Online platforms such as Uber and Deliveroo have deliberately framed their arrangements with workers to avoid regulation while other businesses carry the cost of complying with workplace laws.

That’s one of the findings of a landmark report on the so-called gig economy, which employs almost 1 million Australians, including 236,800 Victorians.

Former Fair Work ombudsman Natalie James led a two-year investigation into Victoria’s gig economy at the behest of the state government, after widespread concerns were raised about the treatment of on-demand workers.

While some people appreciated the flexibility on-demand work provides, Ms James found the uncertain status of workers – who are not classified as employees and therefore do not qualify for workplace entitlements, protections and obligations – was at the heart of the system’s failures of workers.

Despite being commissioned by the Victorian government, Ms James found the federal government was best placed to drive change, given its responsibility for the national system of workplace laws.

Online platforms such as Uber and Deliveroo have deliberately framed their arrangements with workers to avoid regulation while other businesses carry the cost of complying with workplace laws.

That’s one of the findings of a landmark report on the so-called gig economy, which employs almost 1 million Australians, including 236,800 Victorians.

Former Fair Work ombudsman Natalie James led a two-year investigation into Victoria’s gig economy at the behest of the state government, after widespread concerns were raised about the treatment of on-demand workers.

While some people appreciated the flexibility on-demand work provides, Ms James found the uncertain status of workers – who are not classified as employees and therefore do not qualify for workplace entitlements, protections and obligations – was at the heart of the system’s failures of workers.

Despite being commissioned by the Victorian government, Ms James found the federal government was best placed to drive change, given its responsibility for the national system of workplace laws.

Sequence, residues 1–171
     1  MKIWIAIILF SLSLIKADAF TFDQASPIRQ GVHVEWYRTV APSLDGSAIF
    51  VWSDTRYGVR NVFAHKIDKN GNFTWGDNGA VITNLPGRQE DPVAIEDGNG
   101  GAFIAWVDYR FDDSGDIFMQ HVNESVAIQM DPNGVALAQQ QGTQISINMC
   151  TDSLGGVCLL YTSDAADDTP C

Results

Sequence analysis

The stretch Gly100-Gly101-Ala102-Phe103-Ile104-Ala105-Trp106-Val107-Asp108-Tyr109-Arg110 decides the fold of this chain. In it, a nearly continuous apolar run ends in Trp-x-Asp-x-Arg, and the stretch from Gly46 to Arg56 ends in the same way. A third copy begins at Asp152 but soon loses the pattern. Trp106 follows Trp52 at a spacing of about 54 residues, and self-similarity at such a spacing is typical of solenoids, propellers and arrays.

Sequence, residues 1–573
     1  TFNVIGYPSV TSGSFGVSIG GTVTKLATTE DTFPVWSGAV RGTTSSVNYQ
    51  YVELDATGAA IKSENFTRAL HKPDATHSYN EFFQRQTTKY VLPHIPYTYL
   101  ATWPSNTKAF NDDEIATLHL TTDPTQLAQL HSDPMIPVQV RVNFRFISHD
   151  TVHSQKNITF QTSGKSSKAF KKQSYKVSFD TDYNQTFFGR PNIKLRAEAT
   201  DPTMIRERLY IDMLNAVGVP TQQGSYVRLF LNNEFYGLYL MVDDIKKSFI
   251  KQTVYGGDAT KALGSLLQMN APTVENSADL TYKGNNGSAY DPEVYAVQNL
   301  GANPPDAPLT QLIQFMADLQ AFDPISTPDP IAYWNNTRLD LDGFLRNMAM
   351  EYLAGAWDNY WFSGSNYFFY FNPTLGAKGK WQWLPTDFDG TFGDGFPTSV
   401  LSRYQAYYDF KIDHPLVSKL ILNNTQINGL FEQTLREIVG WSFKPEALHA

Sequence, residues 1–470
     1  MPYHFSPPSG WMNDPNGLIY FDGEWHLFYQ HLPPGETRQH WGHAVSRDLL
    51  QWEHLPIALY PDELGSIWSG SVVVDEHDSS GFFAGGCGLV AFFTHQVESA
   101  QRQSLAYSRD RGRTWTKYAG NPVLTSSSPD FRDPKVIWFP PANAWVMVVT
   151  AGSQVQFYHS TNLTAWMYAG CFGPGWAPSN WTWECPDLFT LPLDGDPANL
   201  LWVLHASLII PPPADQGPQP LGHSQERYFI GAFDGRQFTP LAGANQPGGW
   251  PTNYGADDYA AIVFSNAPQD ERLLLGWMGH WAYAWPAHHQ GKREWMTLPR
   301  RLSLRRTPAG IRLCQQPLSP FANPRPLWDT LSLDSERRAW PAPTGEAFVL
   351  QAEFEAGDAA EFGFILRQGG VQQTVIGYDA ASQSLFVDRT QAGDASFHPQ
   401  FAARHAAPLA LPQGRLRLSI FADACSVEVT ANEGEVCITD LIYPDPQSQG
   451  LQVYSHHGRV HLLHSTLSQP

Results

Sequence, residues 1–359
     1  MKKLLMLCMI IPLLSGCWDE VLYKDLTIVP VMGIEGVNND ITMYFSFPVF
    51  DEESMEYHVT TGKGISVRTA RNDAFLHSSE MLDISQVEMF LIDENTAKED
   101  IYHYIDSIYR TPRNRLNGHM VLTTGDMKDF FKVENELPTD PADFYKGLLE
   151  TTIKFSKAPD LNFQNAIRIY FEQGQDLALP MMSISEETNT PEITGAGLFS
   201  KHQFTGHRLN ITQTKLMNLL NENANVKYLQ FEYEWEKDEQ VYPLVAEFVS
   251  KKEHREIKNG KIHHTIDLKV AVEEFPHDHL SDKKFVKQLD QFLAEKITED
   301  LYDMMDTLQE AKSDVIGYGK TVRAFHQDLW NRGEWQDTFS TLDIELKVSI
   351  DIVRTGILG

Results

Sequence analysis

She recommended the development of a code of conduct to better protect on-demand workers, the removal of barriers to collective bargaining, and a one-stop-shop support agency to help workers when disputes arise.

If the federal government would not lead, Victoria should work with other states to drive legislative changes to offer greater fairness for platform workers, she said.

While he would not comment specifically on the recommendations, state Industrial Relations Minister Tim Pallas said there was a clear need for laws to be tightened to support gig workers.

“The gig economy is relied upon by millions of consumers and workers across the country, but there are holes when it comes to industrial relations that put workers’ rights to fair pay and conditions at risk,” he said.

Previously, Mr Pallas had indicated the state could act alone to bolster protections for gig economy workers.

On-demand workers are more likely to be young, urban and male. People who speak a language other than English at home are 1.5 times more likely to be platform workers.

An estimated 40 per cent of on-demand workers surveyed as part of the inquiry were not even aware of their rates of pay.

“Platforms have been deliberate in framing their arrangements with workers,” Ms James found.

“This enables platforms to avoid the operation of close and detailed labour regulation while other businesses are carrying the costs of complying with those requirements.”

Those pressures are becoming more acute as the economic effects of the COVID-19 pandemic tear through every aspect of society, Ms James told The Age and The Sydney Morning Herald.

Extracted in full from: https://amp-theage-com-au.cdn.ampproject.org/c/s/amp.theage.com.au/politics/victoria/workers-pay-price-as-gig-economy-avoids-regulations-inquiry-finds-20200714-p55bv2.html

The Report of the Inquiry into the Victorian On-Demand Workforce

The Victorian Government’s Media Release can be accessed here.

The Report can be found on the Engage Victoria website and downloaded here.